From a day in the life

I guess in a broad definition of the word, I would qualify as homeless. I have met many people who have no fixed residence, instead they choose to live in RVs year round. Are they homeless too? My RV is slightly (okay a lot) less luxurious than others. And I move around a lot more than other people. I spend a week in a national forest, while other people will spend 6 months in one location. But I have luxuries that others do not. Traveling lightly is a joy many people will never know. Sure, the van looks stuffed to the gills with motorcycles and bicycles. But as it’s loaded, it weighs about the same as a new Chevy Suburban. And by “light,” I’m talking about being able to camp almost anywhere, being able to change my plans on a whim, change direction, change my heading, my destination.…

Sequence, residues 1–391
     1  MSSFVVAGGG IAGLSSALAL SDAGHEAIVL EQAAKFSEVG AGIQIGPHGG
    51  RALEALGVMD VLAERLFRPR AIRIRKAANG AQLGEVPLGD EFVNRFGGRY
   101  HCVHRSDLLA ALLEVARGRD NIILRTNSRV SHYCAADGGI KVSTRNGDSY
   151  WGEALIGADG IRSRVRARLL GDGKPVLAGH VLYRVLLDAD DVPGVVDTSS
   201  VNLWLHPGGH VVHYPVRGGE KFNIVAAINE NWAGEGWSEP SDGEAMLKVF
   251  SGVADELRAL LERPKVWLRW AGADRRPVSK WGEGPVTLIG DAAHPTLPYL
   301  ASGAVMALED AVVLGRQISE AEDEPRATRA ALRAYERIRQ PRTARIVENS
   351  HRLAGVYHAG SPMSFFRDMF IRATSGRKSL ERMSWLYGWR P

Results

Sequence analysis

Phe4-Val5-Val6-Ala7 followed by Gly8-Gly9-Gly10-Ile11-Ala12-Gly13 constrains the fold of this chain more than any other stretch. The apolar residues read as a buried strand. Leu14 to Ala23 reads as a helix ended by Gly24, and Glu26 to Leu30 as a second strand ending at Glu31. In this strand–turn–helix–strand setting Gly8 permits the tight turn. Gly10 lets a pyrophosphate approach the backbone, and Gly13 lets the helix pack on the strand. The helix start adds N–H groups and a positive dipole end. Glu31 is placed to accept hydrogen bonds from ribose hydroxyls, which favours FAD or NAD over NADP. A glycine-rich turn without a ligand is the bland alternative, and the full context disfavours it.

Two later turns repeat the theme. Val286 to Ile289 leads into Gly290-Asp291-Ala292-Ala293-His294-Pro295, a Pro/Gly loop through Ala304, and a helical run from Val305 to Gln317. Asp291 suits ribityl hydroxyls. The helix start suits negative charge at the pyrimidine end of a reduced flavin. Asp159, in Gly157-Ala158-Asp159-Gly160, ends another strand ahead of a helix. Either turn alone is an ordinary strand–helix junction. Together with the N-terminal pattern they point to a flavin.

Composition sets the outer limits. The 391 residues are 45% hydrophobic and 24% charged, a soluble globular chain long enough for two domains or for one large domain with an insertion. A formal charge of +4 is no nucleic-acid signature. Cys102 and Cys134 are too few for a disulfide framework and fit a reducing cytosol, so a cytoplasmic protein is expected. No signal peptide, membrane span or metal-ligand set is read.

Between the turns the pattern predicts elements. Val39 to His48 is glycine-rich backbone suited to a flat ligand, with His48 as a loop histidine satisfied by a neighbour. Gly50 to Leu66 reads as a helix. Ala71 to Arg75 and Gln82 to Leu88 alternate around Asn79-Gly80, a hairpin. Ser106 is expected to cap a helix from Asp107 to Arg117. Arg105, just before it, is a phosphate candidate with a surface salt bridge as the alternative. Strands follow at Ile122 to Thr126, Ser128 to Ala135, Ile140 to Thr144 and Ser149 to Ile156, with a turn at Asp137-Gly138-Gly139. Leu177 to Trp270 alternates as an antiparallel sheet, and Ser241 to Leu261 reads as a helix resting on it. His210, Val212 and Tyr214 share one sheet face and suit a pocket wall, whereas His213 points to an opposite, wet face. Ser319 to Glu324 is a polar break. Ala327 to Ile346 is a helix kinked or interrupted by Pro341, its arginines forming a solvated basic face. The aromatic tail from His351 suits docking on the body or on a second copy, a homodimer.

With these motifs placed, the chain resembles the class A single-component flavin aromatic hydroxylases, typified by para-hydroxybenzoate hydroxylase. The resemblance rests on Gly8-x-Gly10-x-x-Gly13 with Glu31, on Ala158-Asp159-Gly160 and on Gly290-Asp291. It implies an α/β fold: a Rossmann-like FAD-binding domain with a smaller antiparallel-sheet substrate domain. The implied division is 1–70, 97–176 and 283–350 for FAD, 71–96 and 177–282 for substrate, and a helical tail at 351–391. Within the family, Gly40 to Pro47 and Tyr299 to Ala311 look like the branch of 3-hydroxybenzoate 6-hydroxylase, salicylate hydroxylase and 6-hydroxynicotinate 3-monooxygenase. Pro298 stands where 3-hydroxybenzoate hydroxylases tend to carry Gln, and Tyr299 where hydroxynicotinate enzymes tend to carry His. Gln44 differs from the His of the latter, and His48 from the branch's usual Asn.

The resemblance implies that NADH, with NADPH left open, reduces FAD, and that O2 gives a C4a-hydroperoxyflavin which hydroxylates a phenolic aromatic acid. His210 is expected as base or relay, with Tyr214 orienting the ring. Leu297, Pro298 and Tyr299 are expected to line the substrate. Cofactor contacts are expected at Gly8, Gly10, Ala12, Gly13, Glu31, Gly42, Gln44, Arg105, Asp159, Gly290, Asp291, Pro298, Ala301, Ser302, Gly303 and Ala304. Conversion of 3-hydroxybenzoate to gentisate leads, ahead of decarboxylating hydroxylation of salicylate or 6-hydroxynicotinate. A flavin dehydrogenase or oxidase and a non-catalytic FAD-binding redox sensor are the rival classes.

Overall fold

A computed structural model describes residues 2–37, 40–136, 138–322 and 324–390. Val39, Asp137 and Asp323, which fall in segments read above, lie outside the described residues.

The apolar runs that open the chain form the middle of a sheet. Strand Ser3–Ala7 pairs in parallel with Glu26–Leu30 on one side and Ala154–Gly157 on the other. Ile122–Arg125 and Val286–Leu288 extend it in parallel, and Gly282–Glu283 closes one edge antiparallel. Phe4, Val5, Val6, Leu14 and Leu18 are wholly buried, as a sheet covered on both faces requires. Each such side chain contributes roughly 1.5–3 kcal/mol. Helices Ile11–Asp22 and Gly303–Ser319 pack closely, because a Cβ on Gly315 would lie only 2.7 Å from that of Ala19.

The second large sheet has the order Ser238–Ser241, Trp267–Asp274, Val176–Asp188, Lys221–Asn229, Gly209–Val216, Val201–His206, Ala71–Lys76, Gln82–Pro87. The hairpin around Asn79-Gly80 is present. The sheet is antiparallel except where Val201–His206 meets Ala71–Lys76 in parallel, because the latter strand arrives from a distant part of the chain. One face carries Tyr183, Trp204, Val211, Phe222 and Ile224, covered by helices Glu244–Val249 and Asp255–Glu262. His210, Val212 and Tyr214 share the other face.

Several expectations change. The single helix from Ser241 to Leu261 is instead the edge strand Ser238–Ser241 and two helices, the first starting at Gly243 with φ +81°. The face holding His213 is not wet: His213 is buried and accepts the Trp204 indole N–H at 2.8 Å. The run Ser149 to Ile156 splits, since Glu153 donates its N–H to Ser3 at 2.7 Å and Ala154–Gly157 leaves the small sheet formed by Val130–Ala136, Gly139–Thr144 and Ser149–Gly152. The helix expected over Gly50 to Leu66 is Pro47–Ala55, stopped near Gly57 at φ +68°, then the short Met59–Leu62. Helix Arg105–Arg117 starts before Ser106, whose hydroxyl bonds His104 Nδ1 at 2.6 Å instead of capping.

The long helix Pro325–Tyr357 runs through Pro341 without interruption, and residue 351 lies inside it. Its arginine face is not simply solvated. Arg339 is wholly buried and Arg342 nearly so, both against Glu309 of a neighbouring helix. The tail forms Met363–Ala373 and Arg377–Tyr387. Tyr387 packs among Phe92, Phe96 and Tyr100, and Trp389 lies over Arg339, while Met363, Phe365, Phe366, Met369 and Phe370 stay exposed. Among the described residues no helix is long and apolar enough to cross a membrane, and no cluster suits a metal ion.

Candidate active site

From a day in the life

So is this homelessness bad? In my case, I think it isn’t (obviously, or I would change the situation). Not everyone else thinks its bad either, though some people turn their nose at the word “homeless” despite all the disclaimers that follow. The people that listen beyond that word, I find, are the ones who have the most character to offer in return. And I have met a lot of people that listened beyond and they have always lived up to expectations.

Saturday, July 3, 2010

Fitchburg, Mass

Quick update. I'm in Fitchburg for a four-day stage race. I'm not racing, just the mechanic. It's been a busy week but I still love being part of a racing effort. Maybe next month I'll try some racing myself. Meanwhile, here are some pictures from this weekend.


From racing photos


Working till the sun goes down to build these bikes for Sunday's race.

From racing photos


Me, the racers, and Paul. What a great team we all make.

From racing photos